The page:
“When your intellect, that is confused by the conflicting opinions and the ritualistic doctrine of the Vedas, shall stay steady and firm with the Self, then you shall attain Self-realization.” ~ Bhagavad Gita 2.53
Have you noticed something?
Look around in your yoga class, at the yogi happy hour, at the chakra cleanse workshop and kirtan. Look at yourself. Look at everyone. Do you see us?
We are lost and confused.
Our individual entry into the land of yoga all look different, but maybe it resembles this:
We took a class and it hooked us like a coke line hooks overzealous partier. We were in. We bought the twenty class pack, even though our budget did not agree. We hoarded Lululemon wonder-unders in every color as a child does Skittles. Our thirst wasn’t quenched with just one coconut water, so we bought out the Zico stock at Whole Foods.
Two classes a week turned to five and then seven, with no day of rest. The yoga retreat to Tulum looked enticing, so we packed a bag along with two grand on our credit card and off we went to learn and discover what we sought after.
We met some cool chicks in flowy Saint Grace pants, mala beads secured to their wrists like handcuffs, so we suited up in yogini goddess wear and shackled ourselves with Bodhi beads too. We friended the yogi dudes who declared their attainment of Jnana (knowledge) with Sanskrit inked all over their skin. Swami in his freshly steamed robe and sage cloaked words guided us into the harbor of transcendence. All of these people knew something we didn’t, they could give us the answer.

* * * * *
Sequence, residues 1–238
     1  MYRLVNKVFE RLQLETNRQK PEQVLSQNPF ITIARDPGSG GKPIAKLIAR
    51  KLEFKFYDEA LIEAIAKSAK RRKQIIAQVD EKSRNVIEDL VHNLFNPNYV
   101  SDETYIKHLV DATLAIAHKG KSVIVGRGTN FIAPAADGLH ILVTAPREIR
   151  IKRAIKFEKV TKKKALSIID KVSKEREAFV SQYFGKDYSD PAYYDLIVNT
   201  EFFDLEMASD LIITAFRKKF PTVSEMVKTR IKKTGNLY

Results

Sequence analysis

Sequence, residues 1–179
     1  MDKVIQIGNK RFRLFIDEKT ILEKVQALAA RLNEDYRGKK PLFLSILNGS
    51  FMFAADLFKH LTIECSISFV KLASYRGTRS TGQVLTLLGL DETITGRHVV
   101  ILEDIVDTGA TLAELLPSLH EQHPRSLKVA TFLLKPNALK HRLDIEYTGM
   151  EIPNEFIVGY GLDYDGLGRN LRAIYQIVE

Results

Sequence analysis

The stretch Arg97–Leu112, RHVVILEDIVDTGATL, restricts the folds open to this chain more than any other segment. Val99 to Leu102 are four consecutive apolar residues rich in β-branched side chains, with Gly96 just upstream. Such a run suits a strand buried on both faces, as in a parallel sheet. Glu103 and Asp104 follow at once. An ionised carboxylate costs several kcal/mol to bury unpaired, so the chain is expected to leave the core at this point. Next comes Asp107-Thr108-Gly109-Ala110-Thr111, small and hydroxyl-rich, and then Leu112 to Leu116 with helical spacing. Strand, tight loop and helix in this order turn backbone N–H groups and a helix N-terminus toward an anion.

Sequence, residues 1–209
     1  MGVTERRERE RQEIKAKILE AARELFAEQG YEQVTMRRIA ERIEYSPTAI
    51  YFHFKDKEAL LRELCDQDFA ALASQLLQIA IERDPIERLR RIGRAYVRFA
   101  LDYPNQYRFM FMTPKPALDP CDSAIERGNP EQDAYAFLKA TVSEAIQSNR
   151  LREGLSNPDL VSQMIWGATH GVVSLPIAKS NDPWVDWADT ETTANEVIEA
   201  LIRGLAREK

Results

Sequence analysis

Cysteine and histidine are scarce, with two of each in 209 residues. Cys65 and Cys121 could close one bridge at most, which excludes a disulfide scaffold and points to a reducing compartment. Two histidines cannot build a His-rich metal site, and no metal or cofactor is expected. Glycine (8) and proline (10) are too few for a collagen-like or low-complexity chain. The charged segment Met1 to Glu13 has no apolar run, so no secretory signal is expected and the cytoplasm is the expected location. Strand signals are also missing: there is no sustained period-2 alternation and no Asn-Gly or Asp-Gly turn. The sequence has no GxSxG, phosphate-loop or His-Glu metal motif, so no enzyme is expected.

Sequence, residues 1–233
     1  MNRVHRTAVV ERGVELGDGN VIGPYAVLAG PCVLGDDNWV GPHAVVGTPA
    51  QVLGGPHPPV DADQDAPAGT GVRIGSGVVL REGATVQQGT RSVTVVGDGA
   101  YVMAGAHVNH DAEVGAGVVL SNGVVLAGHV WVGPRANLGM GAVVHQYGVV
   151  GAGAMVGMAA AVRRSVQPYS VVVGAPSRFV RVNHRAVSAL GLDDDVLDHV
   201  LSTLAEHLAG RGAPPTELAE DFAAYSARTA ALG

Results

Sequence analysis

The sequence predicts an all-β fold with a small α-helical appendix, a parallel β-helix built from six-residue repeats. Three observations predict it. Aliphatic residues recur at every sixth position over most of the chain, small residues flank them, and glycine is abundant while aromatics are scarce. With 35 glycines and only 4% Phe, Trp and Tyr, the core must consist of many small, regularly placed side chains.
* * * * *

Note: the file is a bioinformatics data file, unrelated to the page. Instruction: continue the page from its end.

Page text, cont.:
Next thing we know, we are circling inside the corralled waiting room of Samadhi (“highest state of consciousness” (yes, I know there are as many levels of Samadhi as there are in Zelda, but for this article, let’s just boil it down to one “higher” level, ok?) like a bunch of mooing, overheated, hypnotized yoga cows thinking we’ve found the answer.
I hate to burst your coconut water-filled udders, but we are a bunch of livestock stepping in our own sh*t, locked up in a holding cell of our own construction, following a fellow cow who is leading us on a carousel to nowhere.
We are utterly confused. We’ve defecated all over our own authenticity and brilliance with the feces of opinion and perspective. We believe we’ve found ourselves, but now we have become imprisoned and segregated from the purpose of yoga and the Universe.
We have separated ourselves from the pastures, the rolling hills, the other animals and our freedom and birth right to roam and get lost. The fellow cow we are following may have years of direct experience, understanding and wisdom, but it is his or her experience, understanding and wisdom. We can listen to his or her moos and eat from the same grass, but the way we hear and the way we digest is going to be different for each one of us.
We need to experience life for ourselves, to understand.
How do we do that? We saunter out of the corral and step onto the soil of yoga. Yoga is meant as unclaimed land for all to inhabit. The land of yoga knows no borders, religion, belief or method. Authenticity is the only prerequisite for citizenship, and experience is the only civic duty.